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Re: Playing Accountant

From: Christopher Browne
Subject: Re: Playing Accountant
Date: Mon, 19 Mar 2001 13:42:49 -0600

On Mon, 19 Mar 2001 19:18:57 GMT, the world broke into rejoicing as
"Micheal J" <address@hidden>  said:
> The issue Derek raised wasn't about fluctuating exchange rates
> AFAICT. It was more about the changes in the value of a single
> currency over time. His example for instance argues that the value
> of 1 dollar today is different from the value of 1 dollar in 60
> years time. Both are still called 1 dollar though. I believe this is
> what is termed inflation but I stand to be corrected. Of course
> inflation can be positive as well as negative (devaluation).

> I have no clear views on how to deal with this as I am not a domain
> expert (i.e. accountant or other such finance
> professional). Accountants obviously have a mechanism for dealing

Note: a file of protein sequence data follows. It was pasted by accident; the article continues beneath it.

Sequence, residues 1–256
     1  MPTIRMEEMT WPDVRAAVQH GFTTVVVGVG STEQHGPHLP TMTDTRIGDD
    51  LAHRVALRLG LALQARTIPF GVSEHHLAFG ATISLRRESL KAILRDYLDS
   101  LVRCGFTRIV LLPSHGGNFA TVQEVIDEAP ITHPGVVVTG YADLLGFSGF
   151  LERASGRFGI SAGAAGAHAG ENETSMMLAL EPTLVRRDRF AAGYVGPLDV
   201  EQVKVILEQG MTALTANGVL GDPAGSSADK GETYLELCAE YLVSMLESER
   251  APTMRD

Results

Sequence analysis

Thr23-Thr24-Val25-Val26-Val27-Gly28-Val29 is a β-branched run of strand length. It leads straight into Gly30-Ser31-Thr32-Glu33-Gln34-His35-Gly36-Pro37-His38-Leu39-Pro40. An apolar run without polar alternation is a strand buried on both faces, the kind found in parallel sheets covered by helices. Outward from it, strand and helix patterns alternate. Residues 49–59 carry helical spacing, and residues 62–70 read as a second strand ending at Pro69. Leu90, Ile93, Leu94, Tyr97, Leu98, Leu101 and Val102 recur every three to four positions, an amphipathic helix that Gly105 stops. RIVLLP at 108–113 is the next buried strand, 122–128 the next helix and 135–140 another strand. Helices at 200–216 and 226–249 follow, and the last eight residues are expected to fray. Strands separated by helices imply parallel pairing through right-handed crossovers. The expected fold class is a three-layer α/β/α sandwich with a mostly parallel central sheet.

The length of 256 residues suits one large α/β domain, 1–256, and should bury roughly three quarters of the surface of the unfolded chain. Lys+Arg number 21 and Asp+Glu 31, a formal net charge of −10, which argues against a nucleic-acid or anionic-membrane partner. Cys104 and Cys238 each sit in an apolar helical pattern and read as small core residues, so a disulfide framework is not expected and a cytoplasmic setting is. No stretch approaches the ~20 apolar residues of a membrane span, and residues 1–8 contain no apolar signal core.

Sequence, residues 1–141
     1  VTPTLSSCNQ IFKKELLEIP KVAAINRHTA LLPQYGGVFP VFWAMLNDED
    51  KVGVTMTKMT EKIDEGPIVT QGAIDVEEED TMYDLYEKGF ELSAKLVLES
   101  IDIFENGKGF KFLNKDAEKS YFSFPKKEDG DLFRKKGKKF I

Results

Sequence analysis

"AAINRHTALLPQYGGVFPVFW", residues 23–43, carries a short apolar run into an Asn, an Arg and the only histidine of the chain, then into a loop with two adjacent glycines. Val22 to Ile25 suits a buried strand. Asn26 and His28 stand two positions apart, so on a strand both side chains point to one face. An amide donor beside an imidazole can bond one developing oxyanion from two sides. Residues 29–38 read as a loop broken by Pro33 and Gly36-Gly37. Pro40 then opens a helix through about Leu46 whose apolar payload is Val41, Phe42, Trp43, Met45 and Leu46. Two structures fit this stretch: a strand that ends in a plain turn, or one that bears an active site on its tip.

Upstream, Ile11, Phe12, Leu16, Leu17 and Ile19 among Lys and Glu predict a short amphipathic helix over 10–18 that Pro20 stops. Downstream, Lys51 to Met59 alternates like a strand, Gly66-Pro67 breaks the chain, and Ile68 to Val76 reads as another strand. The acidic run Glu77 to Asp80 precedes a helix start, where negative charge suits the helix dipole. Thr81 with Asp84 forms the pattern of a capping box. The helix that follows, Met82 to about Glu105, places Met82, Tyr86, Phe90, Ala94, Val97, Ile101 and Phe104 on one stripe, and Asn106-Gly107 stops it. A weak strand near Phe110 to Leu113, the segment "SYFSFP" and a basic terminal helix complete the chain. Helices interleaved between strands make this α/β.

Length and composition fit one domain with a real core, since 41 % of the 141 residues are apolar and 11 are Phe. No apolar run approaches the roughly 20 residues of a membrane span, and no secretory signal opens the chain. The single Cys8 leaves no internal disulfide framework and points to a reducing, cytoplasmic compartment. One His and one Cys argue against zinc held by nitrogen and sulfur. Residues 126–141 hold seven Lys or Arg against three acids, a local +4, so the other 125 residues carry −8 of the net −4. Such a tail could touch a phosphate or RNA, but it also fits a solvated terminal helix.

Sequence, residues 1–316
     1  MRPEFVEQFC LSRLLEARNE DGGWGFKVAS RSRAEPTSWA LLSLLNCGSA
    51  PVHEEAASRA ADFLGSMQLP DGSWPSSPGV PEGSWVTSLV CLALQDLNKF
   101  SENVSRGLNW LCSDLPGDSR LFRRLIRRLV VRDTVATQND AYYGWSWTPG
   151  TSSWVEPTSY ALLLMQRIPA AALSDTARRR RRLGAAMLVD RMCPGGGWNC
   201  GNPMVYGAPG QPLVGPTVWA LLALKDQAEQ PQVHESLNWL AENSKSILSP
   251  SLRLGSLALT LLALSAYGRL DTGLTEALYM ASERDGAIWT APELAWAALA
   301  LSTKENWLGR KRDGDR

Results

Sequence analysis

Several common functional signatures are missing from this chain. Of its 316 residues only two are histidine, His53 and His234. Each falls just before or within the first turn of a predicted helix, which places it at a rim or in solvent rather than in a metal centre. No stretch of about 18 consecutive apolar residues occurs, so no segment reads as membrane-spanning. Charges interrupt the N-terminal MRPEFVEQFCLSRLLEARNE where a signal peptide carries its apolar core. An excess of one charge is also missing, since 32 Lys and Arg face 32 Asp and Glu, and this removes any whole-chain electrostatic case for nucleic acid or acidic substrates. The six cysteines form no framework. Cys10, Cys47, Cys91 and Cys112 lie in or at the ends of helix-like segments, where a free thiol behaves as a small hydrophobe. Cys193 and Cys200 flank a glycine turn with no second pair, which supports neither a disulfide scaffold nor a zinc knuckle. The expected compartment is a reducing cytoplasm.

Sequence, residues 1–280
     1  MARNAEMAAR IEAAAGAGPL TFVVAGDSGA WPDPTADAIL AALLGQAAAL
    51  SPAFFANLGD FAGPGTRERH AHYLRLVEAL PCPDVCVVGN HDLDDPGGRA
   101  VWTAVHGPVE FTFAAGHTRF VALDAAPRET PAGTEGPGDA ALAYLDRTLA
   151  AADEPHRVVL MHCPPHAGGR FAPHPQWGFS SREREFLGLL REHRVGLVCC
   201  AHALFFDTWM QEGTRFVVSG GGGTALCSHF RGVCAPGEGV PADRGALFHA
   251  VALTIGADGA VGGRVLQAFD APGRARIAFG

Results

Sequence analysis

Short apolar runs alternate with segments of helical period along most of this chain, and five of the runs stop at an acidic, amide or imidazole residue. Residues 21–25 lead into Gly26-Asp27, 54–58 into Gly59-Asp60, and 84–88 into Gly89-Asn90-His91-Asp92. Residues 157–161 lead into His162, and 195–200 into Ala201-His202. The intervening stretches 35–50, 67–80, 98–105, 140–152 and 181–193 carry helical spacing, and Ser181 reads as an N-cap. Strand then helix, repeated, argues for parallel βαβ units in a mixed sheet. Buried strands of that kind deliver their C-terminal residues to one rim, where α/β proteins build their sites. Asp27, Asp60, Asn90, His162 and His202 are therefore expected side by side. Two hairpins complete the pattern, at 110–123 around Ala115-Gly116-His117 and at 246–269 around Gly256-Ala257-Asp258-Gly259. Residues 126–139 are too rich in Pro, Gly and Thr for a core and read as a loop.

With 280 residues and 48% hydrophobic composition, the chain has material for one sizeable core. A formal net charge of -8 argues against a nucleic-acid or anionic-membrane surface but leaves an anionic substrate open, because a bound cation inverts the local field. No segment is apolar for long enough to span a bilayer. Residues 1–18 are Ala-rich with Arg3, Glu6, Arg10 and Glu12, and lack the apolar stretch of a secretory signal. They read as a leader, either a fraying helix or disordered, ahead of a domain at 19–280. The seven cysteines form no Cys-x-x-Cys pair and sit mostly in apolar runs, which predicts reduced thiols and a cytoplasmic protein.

> with this. We just need to get into the heads of a few friendly
> accountant and get them to spill the beans...

Any time there's a huge bout of inflation in the US, the AICPA tends
to try to build "yet another reporting standard" on this.  The
standards tend to be esoteric, and are often barely used since people
disagree widely on what should be done about them.

But please note the _really_ critical word in that paragraph:  

If you track expenses using dollars, and attach dates to transactions
and/or prices, then the problems can get deferred until _reporting_
time.  The critical thing is to track enough information to make sure
that reporting can be done unambiguously.

Quite frankly, the only time anybody plays with the differing
standards on this is when they are undergoing vast amounts of
inflation.  A few percent per annum doesn't count :-).
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